Syria’s war has reached “new levels of brutality”, the UN says, with evidence of fresh suspected massacres, sieges and violations of children’s rights.
Children have been taken hostage, forced to watch torture and even participate in beheadings, it says; others have been killed while fighting.
It says it suspects there are “reasonable grounds” to believe chemical weapons have been deployed.
It urges foreign powers not to increase the availability of arms in Syria.
The issue of arms has been high on the international agenda of late, with the EU lifting an embargo on the sale of arms to Syria while Russia has insisted it is going ahead with the sale of an advanced S-300 surface-to-air missile defence system to Syria.
On Tuesday, Russian President Vladimir Putin said the contract had not yet been fulfilled and Russia did not want to “disturb the balance in the region”.
He said he was “disappointed” by the EU move.
Meanwhile, a civilian died when shells exploded near the Russian embassy in Damascus, according to the UK-based activist group, the Syrian Observatory for Human Rights.
Russia is an ally of President Bashar al-Assad and Syrian rebels have targeted the embassy several times since the uprising against his regime began two years ago.
The international powers are struggling to set a date for a peace conference on Syria, where the conflict is believed to have cost at least 80,000 lives.
The UN Commission of Inquiry has so far been barred from Syria and was forced to rely on first-hand accounts from the country.
Its report says it “documents for the first time the systematic imposition of sieges, the use of chemical agents and forcible displacement” in Syria.
“War crimes and crimes against humanity have become a daily reality,” it says.
The report accuses both sides of abuses, but says rebel actions did not “reach the intensity and scale” of abuses committed by government-allied forces.
Syria’s UN ambassador Faysal Khabbaz Hamoui has rejected the report, saying the commission is “excessively exaggerating their conclusions and outcomes” while it “totally neglects the substantial events, or even marginalises them”.
“The Committee, despite our warnings, insisted on using sectarian language which is rejected by all brackets of the Syrian society.”
In the four months covered by this report – between 15 January and 15 May 2013 – investigators documented 17 suspected massacres, out of a total of 30 since the conflict began.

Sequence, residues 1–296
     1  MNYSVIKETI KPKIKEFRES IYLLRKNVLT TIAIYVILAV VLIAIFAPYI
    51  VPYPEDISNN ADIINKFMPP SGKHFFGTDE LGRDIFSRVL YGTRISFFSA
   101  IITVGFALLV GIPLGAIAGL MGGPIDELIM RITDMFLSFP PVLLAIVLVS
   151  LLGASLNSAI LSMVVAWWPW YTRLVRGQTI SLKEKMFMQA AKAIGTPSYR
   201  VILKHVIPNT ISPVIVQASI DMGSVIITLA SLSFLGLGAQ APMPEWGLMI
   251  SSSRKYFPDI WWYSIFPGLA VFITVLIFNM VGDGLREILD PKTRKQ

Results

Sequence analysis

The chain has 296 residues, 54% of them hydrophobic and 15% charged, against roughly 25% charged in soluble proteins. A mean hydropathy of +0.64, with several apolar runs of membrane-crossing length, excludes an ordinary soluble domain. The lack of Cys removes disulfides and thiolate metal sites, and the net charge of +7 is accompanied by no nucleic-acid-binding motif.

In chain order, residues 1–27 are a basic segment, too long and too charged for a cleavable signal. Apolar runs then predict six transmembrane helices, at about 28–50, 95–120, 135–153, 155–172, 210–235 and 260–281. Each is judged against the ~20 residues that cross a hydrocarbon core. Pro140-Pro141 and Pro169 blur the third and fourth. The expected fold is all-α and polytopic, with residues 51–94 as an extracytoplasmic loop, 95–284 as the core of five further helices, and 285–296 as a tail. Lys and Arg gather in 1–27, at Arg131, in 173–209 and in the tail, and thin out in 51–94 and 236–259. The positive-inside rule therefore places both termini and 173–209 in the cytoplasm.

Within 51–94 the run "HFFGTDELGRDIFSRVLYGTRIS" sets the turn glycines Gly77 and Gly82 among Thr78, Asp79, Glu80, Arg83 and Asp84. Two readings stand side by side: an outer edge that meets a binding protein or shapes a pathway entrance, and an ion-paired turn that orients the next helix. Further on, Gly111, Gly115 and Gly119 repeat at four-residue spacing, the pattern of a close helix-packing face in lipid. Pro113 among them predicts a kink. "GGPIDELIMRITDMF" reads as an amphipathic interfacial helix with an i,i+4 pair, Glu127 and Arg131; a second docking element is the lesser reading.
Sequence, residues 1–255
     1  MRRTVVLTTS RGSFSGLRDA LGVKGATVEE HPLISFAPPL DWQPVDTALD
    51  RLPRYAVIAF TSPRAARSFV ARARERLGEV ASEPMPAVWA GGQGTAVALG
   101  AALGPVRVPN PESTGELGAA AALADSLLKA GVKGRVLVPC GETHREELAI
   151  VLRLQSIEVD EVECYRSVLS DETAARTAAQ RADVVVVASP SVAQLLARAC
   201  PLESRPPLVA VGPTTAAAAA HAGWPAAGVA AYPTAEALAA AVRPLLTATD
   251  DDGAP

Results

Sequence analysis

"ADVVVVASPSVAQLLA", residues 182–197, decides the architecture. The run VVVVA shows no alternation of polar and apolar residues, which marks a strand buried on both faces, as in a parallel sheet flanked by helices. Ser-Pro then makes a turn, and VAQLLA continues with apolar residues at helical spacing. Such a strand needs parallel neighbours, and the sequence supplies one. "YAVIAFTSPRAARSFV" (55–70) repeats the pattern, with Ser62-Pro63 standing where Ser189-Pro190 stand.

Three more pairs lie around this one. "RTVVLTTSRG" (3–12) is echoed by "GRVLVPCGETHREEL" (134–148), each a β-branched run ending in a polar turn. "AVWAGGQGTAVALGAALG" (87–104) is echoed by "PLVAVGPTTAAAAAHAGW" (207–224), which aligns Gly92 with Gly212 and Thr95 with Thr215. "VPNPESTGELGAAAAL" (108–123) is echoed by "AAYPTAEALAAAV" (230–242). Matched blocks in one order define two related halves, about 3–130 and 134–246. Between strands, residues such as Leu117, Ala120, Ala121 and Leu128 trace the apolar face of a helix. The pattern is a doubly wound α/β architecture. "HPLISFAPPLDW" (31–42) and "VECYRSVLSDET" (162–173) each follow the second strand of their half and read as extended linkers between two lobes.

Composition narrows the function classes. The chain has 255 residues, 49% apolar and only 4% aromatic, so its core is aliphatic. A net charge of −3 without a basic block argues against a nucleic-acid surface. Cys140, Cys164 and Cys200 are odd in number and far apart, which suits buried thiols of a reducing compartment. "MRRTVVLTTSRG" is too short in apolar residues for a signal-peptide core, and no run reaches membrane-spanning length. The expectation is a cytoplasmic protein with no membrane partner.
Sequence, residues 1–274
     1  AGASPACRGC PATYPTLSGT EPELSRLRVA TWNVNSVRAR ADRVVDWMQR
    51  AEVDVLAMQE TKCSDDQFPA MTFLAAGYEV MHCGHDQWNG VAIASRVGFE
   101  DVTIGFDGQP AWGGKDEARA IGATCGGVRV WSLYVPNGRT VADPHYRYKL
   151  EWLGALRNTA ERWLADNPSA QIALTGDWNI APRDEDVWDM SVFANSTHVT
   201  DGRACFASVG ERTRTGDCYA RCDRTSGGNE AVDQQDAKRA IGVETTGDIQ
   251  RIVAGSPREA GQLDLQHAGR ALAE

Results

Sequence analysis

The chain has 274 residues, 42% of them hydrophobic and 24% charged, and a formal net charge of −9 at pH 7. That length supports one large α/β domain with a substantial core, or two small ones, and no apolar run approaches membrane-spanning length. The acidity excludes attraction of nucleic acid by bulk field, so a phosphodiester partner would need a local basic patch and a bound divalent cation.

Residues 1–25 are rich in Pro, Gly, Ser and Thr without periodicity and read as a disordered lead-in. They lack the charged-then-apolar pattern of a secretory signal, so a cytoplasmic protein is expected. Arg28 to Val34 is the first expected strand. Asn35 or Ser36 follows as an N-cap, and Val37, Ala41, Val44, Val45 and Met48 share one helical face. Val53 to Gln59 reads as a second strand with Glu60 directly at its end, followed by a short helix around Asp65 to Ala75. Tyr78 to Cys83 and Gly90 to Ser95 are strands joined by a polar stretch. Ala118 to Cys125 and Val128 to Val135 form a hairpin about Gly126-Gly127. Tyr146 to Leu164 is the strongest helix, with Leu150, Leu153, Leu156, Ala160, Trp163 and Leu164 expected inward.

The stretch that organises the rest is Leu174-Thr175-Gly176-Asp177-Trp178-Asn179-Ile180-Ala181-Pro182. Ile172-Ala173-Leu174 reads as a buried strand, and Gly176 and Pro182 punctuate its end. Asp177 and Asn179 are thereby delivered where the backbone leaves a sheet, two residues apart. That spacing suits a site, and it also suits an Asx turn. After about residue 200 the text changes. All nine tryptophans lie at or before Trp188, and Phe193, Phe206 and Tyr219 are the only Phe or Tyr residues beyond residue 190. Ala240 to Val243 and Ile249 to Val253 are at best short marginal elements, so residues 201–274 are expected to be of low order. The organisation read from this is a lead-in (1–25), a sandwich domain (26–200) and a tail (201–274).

Sieges – with civilians trapped in their homes and reliant on their captors for food, water, medicines and power – are now being used systematically as weapons of war by government forces and affiliated militia and in some instances by anti-government forces, says the report.
Civilians are now becoming the victims of forced displacement by both sides, where they are threatened with attack if they do not leave the area.
The report documents new violations of children’s rights on top of being routinely killed, detained and displaced.
In one attack by government forces on Sanamein, Deraa on 10 April, “children were forced to watch the torture or killing of parents”.
In another incident in April, this time in Rastan, Homs, checkpoint personnel “threatened to shoot two girls aged nine and seven who started crying during their father’s interrogation”.
Anti-government forces were also guilty of kidnapping and other violations of children’s rights, the report says.
In the most egregious incident near Deir al-Zor, the report cites the participation of a child in the beheading by rebels of two soldiers.
“Video footage emerged showing a child participating in the beheading of two kidnapped men,” says the report. “Following investigation, it is believed that the video is authentic and the men were soldiers, killed as depicted.”
It says 86 child combatants fighting on behalf of rebel forces have now been killed in the two-year conflict – nearly half of them in 2013 alone.
The report said sexual violence including rape has been used against women, mainly by government forces.
‘Cost of impasse’
There are “reasonable grounds” to believe that chemical weapons were used in attacks by government forces in Syria in recent months, the UN says.
The report said there were “reasonable grounds to believe that limited quantities of toxic chemicals were used” during attacks on Khan al-Assal, Aleppo, 19 March; al-Otaybeh, Damascus, 19 March; Sheikh Maqsoud neighbourhood, Aleppo, 13 April; and Saraqeb, Idlib province, 29 April.
But it adds that it “has not been possible, on the evidence available, to determine the precise chemical agents used, their delivery systems or the perpetrator”.
And it was unable to rule out their use by opposition forces. It calls on Damascus to allow a team of UN chemical weapons experts into the country – a request Damascus has so far denied.
But Commission member and former war crimes prosecutor Carla del Ponte warned reporters not to overemphasise the chemical weapons issue, AFP news agency reports.
“We have so many deaths in Syria now… so please don’t make the use of chemical weapons in Syria now the most important issue,” she said.
The report concludes that the gravity of offences committed by both sides requires judicial proceedings “at the national and international levels”.
It says there can be no military solution, and urges the polarised international community to pursue a negotiated peace.
“There is a human cost to the political impasse that has come to characterise the response of the international community to the war in Syria…
“Increased arm transfers hurt the prospect of a political settlement to the conflict… and have devastating consequences for civilians,” it says, in what correspondents say is a pointed message to foreign powers.